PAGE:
Dear music lovers,
As I write this, I’m taking a little stay-cation and recuperating from a grueling week of music. Rachmaninoff’s massive fourth Piano Concerto put me and the musicians through our paces keeping up with piano superstar Alain Lefevre. Alain is an old friend and when he was here we got into a big discussion about why we do what we do. What is all of this music-making about?
I started really thinking about this question and the work we do as musicians. You may not be surprised to learn we actually discovered the answer in the concert – specifically in the second movement of the Rachmaninoff Concerto. The music slows and there is a very fluid interplay between the piano and the orchestra. In those few minutes Alain and I were able to really move beyond the notes, beyond rhythms, the beats of the measure, and move to a higher plane. It was a very powerful moment. I realized this is the answer, this is why we make music: to find the transcendent moments when as humans we are performing in perfect synchronicity and sharing something profound.
Now spring is here and with it another season of music is coming to an end. The orchestra takes a few weeks break in June before our summer concerts at the Concert Hall and around the city and province. Then we’re off for most of July and August to enjoy our beautiful if brief summer. During that time I’ll be preparing for one of the most exciting concerts we’ve presented in years: Opening Night with Joshua Bell on Sept. 20.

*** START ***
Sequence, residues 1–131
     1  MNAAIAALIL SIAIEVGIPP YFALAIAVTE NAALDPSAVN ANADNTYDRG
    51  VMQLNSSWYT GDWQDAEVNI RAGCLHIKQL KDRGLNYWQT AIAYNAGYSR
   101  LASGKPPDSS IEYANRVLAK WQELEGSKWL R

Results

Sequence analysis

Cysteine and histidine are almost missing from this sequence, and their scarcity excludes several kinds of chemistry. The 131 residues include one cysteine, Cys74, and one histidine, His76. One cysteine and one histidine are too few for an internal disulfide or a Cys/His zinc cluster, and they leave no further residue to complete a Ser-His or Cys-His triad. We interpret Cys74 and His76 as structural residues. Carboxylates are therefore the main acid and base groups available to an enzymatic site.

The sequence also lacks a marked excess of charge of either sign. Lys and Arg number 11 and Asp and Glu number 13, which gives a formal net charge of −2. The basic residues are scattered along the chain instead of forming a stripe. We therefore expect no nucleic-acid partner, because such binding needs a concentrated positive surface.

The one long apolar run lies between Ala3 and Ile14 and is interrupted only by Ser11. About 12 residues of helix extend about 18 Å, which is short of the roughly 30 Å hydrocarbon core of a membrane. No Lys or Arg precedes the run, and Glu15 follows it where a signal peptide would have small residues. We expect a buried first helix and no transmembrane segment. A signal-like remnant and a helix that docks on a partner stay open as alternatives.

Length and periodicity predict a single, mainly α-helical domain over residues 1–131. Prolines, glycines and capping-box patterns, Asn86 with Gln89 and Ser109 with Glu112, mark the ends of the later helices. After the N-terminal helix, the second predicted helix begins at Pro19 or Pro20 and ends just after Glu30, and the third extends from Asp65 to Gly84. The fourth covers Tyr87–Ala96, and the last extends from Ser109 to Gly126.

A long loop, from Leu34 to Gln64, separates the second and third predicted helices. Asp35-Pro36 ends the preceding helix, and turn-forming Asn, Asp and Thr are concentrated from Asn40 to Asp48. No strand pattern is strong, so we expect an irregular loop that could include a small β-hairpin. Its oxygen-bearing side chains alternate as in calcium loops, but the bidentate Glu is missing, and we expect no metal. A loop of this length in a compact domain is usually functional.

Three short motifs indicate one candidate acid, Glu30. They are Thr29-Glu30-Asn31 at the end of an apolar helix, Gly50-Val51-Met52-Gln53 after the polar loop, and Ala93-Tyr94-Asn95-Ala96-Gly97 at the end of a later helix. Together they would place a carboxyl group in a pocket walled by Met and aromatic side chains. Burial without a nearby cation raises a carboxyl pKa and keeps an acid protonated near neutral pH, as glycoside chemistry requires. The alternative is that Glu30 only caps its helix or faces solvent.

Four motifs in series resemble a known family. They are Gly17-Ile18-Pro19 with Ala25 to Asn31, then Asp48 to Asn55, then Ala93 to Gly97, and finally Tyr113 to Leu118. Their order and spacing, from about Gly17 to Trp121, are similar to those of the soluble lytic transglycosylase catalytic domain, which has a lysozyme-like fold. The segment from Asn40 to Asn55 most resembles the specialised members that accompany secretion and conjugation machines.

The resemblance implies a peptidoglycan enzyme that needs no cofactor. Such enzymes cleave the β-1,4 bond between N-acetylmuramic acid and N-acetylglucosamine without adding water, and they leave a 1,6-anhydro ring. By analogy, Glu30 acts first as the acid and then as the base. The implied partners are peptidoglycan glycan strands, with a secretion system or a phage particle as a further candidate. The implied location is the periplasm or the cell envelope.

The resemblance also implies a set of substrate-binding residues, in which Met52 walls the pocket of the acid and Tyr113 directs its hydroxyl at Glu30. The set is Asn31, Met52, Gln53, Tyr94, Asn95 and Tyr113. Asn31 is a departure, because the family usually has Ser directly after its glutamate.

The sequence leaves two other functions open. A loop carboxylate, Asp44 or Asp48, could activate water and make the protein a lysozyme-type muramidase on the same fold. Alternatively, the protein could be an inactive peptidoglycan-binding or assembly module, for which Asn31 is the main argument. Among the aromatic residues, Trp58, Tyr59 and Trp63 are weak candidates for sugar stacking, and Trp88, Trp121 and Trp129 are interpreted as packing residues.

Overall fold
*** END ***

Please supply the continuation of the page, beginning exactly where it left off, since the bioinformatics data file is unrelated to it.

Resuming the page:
The famed violinist is renowned for his performance on the Red Violin soundtrack, as one of the first classical music YouTube stars with his pop-up performance in the Washington metro, and really one of the most dynamic musicians you will ever see perform. Joshua will play the Tchaikovsky violin concerto, a stunning classical masterwork. Personally, I am looking forward to the evening because I expect we are going to create a few more transcendent moments, moments where the orchestra and soloist transform from 68 individual musicians into a single body performing in perfect unison. I guarantee you will not want to miss this.
But for now it is time to get outside. Enjoy your gardens, enjoy the sun, and soon we will see you back at the Concert Hall.
Alexander Mickelthwate is music director of the Winnipeg Symphony Orchestra.